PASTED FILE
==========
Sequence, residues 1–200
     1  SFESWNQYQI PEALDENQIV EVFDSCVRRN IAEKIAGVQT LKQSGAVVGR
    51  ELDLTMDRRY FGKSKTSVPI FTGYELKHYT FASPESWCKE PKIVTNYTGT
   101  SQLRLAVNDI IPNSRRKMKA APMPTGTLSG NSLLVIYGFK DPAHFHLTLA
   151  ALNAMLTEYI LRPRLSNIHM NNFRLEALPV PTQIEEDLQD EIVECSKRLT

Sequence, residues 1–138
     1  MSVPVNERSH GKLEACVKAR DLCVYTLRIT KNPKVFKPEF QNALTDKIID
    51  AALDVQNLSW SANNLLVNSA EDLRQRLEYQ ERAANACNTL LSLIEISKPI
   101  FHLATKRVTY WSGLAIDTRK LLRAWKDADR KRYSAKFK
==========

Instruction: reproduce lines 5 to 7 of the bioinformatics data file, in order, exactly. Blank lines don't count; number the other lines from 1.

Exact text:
   151  ALNAMLTEYI LRPRLSNIHM NNFRLEALPV PTQIEEDLQD EIVECSKRLT

Sequence, residues 1–138
     1  MSVPVNERSH GKLEACVKAR DLCVYTLRIT KNPKVFKPEF QNALTDKIID